Frantic, or what’s better known as Metallica, will have to recover its losses from the postponement of its 2020 South American concerts by other means and not through insurance, following the band’s court loss against Lloyd’s underwriters.
Metallica’s insurance policy was for cancellations, abandonment, and non-appearances, but it had an exclusion for communicable disease.
According to the court document, Judge Holly J. Fujie ruled: “Based on the foregoing evidence, the Court finds that Moving Defendant has met its burden to show that the proliferation of the COVID-19 caused the cancellations and that it falls under the communicable disease exclusion.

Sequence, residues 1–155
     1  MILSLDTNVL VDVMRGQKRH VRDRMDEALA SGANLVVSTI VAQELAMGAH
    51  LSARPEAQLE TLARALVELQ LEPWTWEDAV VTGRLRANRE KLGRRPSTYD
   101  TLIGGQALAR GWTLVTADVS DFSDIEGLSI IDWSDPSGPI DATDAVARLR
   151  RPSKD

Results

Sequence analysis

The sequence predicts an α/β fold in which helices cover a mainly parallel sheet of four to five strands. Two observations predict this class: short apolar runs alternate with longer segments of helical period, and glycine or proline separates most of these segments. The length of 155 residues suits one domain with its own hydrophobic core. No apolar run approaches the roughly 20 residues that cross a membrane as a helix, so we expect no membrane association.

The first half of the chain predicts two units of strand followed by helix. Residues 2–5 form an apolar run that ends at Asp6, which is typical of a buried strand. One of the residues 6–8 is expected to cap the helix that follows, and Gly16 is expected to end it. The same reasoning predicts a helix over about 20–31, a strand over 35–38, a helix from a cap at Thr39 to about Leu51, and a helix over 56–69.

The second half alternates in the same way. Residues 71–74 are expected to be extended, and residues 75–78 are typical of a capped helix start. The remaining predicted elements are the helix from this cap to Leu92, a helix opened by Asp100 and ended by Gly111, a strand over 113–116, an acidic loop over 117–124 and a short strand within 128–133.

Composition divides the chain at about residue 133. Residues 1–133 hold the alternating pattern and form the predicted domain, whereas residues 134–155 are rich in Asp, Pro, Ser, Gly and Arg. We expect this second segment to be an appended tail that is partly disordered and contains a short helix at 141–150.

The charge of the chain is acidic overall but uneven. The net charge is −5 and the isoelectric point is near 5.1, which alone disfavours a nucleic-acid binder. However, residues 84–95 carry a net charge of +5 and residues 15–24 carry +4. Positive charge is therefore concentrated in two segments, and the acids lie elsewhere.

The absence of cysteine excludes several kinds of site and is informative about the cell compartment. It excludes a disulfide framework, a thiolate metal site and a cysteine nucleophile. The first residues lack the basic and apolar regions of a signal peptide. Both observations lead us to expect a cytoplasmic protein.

Plaintiff argues that Moving Defendant’s reading of the policy’s terms is overly broad and argues that there are triable issues of fact as to the efficient proximate cause of the cancellations. The Court is not persuaded by Plaintiff’s arguments
The judge, of the Superior Court of the State of California, said the evidence submitted by the underwriters demonstrates that the pandemic spurred the travel restrictions to South America and restrictions on public gatherings; therefore, COVID-19 was the efficient proximate cause of the concerts being cancelled.
It’s unclear how much in losses Metallica was trying to recover in its denied insurance claim.